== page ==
Notify WorkSafe Call 1300 366 322
Notify WorkSafe Call 1300 366 322

Herbicide

The use of herbicide is regulated by the Australian Pesticides and Veterinary Medicines Authority (APVMA). Information on the safe use of herbicides is available on the APVMA website (external link).

Glyphosate has the highest worldwide production volume of all herbicides and is widely used in agriculture and domestically. In 2017, the APVMA reported that products containing glyphosate are safe using appropriate chemical handling measures.

Safe use, handling and storage of chemicals

If you use chemicals in your workplace, the codes of practice linked below will guide you on how to safely manage risks to health and safety:

Managing the Risks of Hazardous Chemicals in the Workplace

Labelling of Workplace Hazardous Chemicals

Preparation of Safety Data Sheets for Hazardous Chemicals

Historical herbicide exposures

The herbicide

The substance of concern is the dioxin 2,3,7,8-Tetrachlorodibenzo-p-dioxin (TCDD), a contaminant in the herbicide 2,4,5-T.

2,4,5-T is a herbicide that was used for vegetation clearance during the 1960s and 1970s.

It is possible that Hydro Electric Commission (HEC), Tasmanian State Service (TSS) employees and other workers may have been exposed to 2,4,5-T, during the 1970’s and 1980’s, that contained TCDD levels that are no longer considered acceptable.

The levels of TCDD used in 2,4,5-T was regulated in 1976, so the likelihood of employees having been exposed to 2,4,5-T that contained potentially high levels of TCDD reduces after that date.

Health concerns about the herbicide

2,4,5-T is a herbicide used for vegetation clearance during the 1960s and 1970s. A substance that was present in the formulations of 2,4,5-T used at the time is the dioxin known as TCDD.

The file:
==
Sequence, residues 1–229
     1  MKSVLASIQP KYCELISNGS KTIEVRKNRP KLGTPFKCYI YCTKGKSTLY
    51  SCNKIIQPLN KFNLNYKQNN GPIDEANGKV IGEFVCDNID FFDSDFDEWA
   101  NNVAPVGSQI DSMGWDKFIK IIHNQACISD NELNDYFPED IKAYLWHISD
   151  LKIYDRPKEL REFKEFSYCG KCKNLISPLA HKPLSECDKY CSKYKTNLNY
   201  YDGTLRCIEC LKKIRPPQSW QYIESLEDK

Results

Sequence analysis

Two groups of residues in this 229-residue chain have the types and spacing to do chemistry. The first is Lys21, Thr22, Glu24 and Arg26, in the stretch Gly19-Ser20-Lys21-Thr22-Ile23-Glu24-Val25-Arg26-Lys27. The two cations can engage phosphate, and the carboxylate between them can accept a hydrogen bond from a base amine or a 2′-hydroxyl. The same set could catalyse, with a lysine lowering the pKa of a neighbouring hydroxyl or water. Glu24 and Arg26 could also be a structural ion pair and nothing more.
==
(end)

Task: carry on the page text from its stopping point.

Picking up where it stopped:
A number of scientific studies have recognised possible links between high exposure to TCDD and an increased risk of certain cancers, skin conditions and possibly other health effects.

What is the risk of exposure to 2,4,5-T and cancer?

We understand that people will be looking for a definite link between 2,4,5-T and cancers and other illnesses relating to family, friends and work colleagues.

The likelihood of employees having been exposed to 2,4,5-T that contained potentially high levels of TCDD reduces after 1976 as maximum TCDD levels in both locally manufactured and imported 2,4,5-T started to be regulated in Australia.

What if I worked with herbicides and have concerns about my health?

We encourage anyone who may be concerned to read the information here in the first instance and if you have concerns call WorkSafe Tasmania on 1300 366 322.

Current herbicide use

Is 2,4,5-T still used?

The chemical 2,4,5-T is not used. It was withdrawn for use in Australia in the late 1980s and is no longer approved for use or marketed in Australia.

Are there concerns about current chemical use and practices in Tasmania?

Tasmania has a strong, effective regulatory framework in place for the regulation of chemicals. WorkSafe Tasmania administers work health and safety legislation which promotes the health and safety of employees and other people at work and imposes duties to ensure this. Under the regulatory framework, employers have a duty to ensure the health and safety of their workers and others within the workplace.

Compensation

The Workers Rehabilitation and Compensation Act 1988 establishes the rules for claiming workers compensation.

An entitlement to workers compensation depends on a number of factors:

  • when you were incapacitated by or diagnosed with the injury/illness. Normally a workers compensation claim needs to be made within 6 months of when you were incapacitated by or diagnosed with the injury/illness
  • whether you still work for the employer where you were exposed. Normally a workers compensation claims needs to be made before you voluntarily leave the employment
  • your age. Normally once you reach the pension age, you are not entitled to workers compensation.

A person is entitled to workers compensation if they have been injured at work or if they suffer a disease that work has contributed to by a substantial degree.

See more information about the workers compensation claim process.

Updated: 29th October 2019